The press can then choose whether to write an article or not, and this can sometimes include the deceased ones name, address and photos and comments from their social media pages as well as other personal information (I have often seen them include their relationship status). I say they choose to write this article, because they do. If they wrote on everyone’s inquests we’d see far more in our news outlets than we do now, the press select people to write on who they believe will create them a good revenue, but you see the thing is, these are people's real lives they're writing on, real pain that their families are facing daily, it’s not a quick article to be treated like a soap opera.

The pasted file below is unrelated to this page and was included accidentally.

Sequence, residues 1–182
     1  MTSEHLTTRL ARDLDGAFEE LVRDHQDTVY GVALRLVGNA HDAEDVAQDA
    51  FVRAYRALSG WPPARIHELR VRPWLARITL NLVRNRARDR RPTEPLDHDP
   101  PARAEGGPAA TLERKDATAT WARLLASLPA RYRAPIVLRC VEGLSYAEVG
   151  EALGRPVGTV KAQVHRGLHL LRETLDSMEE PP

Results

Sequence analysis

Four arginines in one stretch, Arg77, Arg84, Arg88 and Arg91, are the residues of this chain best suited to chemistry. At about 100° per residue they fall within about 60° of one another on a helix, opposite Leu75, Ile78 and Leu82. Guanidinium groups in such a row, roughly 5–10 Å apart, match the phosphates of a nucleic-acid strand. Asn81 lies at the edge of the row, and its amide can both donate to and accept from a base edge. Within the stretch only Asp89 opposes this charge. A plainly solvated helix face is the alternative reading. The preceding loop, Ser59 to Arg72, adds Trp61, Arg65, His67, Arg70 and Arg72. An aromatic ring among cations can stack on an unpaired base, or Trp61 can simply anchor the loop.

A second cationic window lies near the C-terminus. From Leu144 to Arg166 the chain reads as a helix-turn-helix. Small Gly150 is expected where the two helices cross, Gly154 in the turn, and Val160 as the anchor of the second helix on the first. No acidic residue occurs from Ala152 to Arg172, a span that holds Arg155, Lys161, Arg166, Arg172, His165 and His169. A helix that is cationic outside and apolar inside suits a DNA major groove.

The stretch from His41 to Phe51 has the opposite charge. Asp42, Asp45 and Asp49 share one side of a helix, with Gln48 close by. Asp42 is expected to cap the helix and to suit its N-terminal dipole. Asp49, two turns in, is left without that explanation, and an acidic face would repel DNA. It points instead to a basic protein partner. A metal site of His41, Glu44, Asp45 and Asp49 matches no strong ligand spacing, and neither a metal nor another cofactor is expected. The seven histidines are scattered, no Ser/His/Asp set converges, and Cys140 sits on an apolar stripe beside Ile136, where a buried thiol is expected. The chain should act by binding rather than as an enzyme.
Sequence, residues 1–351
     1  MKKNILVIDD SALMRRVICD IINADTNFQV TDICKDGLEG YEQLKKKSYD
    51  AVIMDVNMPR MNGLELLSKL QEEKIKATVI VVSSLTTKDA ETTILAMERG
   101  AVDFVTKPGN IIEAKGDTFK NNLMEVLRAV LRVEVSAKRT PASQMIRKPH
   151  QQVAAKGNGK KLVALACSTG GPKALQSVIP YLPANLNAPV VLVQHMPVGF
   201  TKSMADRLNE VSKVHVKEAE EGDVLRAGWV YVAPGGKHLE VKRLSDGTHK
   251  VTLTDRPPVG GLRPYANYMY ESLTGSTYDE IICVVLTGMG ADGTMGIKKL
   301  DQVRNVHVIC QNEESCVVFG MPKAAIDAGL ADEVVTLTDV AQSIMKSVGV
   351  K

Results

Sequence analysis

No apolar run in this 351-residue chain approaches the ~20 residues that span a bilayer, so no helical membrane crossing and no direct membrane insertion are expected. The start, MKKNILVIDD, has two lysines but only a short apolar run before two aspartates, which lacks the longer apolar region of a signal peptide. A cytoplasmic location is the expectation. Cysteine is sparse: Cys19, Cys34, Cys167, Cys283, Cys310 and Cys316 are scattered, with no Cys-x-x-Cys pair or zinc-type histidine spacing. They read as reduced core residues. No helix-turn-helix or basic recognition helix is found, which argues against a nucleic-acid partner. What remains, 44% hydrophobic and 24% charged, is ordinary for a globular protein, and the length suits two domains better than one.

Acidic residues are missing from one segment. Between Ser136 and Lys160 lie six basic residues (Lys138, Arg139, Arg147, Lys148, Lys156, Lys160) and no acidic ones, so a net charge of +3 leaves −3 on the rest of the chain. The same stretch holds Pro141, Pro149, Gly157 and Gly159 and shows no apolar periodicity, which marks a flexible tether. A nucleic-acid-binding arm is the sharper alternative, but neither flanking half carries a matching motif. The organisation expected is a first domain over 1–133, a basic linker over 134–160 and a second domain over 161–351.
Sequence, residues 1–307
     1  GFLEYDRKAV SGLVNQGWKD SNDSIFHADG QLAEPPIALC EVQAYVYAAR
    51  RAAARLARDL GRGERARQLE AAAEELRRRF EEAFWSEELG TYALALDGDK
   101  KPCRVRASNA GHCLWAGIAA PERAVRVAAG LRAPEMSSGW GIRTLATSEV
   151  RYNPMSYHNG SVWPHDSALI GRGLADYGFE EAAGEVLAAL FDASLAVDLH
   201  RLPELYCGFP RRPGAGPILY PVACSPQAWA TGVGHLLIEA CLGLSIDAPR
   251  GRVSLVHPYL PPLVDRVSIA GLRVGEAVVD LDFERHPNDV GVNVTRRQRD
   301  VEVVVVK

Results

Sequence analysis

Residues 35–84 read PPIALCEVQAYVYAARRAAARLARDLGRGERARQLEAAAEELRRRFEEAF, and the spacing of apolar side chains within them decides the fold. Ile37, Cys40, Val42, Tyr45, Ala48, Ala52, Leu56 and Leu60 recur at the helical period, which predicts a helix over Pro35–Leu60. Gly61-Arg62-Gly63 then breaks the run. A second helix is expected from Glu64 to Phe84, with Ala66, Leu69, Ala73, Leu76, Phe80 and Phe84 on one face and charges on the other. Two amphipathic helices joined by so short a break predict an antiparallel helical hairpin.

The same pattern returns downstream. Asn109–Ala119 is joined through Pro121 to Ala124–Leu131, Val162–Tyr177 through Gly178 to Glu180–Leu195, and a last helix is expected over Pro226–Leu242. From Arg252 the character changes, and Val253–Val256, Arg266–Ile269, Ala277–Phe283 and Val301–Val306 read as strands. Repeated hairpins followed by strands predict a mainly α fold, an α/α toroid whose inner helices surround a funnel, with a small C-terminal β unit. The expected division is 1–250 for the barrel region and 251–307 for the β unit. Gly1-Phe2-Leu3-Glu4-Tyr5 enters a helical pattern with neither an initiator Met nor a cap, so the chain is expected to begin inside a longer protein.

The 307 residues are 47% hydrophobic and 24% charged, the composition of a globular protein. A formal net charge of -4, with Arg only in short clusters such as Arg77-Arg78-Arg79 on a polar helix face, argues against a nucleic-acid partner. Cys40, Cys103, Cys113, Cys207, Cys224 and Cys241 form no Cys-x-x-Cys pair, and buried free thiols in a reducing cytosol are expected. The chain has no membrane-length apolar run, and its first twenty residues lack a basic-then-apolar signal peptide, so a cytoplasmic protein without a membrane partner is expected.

These articles have such a detrimental effect on the loved ones, and cause more harm than they do good; from trolling comments, false information, and public scrutiny - all of which could be avoided. Families do not have to undergo such public examination when someone dies of of say, cancer, so why do we?
I had one person contact me through my social media stating that her dad’s inquest was shared through Devon Live whereby the public then trolled on the article. Let that sink in for a moment, and imagine that: you’ve just lost your dad & now people you don’t know or have ever met, are making nasty comments about him and his death. At a time when someone should be surrounded by love and trying to heal, she’s being torn down and stripped of kindness. We all sadly know too well what an effect words can have on a person, as we’ve seen often in the media when public figures like Caroline Flack take their own lives as a result of this. So why are the press allowing this behaviour to continue?